The main London impact of the Chancellor's Autumn Statement has been to seemingly cause chaos at Transport for London and City Hall, as he announced that regulated fares will be held down to a rise of RPI (3.1%) instead of RPI+1%.
On Tuesday, we finally found out what next year's fares will be. Oyster Pay As You Go on the tube is mainly being frozen, but travelcards (and bus fares) are rising by an average of 4.1% - RPI+1% - because
Travelcard season tickets cover both National Rail (NR) within Greater London and TfL services, and revenue is therefore split between the different operators and TfL, the weekly, monthly and annual Travelcards will rise by 4.1 per cent on average (RPI+1) to meet the NR fares rise of RPI+1 per cent.
complementing the decision by the Mayor of London to cap average fare increases in London for 2014
which isn't at all clear on whether there's extra money for London as well as the rest of the country. We've called TfL to see if this means travelcards will also be coming down, but at the time of publication we've heard nothing back. The BBC's Tom Edwards received this note from the Mayor's office, which ends by hopefully saying they "look forward to receiving extra funding from Government that will enable us to now hold Travelcard fare rises to RPI".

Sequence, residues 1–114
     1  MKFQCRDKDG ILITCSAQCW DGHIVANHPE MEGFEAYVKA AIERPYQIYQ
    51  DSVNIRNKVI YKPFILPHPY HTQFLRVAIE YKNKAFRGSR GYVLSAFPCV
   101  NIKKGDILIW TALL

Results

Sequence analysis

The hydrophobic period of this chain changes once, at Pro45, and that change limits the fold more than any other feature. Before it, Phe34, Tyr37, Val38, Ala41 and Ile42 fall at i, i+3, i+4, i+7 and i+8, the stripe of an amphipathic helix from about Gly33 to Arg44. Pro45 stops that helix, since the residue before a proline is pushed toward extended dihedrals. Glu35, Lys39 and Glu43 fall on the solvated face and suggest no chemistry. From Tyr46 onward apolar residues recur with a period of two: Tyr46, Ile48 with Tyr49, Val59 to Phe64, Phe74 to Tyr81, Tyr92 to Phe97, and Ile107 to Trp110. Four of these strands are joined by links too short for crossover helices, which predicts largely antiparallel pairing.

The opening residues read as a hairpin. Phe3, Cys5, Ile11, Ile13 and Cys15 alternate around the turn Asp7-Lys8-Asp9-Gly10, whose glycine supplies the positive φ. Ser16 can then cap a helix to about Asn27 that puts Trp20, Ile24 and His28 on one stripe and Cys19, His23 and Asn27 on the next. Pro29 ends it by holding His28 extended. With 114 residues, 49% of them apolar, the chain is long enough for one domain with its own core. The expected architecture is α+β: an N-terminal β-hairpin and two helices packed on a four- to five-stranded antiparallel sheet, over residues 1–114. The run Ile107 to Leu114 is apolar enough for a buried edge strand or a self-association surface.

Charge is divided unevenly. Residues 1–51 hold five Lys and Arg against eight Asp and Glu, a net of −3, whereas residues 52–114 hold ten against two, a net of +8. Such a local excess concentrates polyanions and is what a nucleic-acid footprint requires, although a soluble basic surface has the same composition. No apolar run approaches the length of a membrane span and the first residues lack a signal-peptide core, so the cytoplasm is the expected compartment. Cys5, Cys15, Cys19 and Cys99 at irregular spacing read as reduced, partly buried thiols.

What's immediately clear is that nobody at City Hall or TfL knew this announcement was coming, as they'd surely have held off releasing fares just two days ago rather than be publicly made to scrabble around for an appropriate response. That in itself raises questions about the state of relations between (Conservative) Boris Johnson and the (Conservative) members of government. But of course it raises even more questions about what we'll all be paying next year. We'll let you know as soon as we find out.
Photo by psyxjaw from the Londonist Flickr pool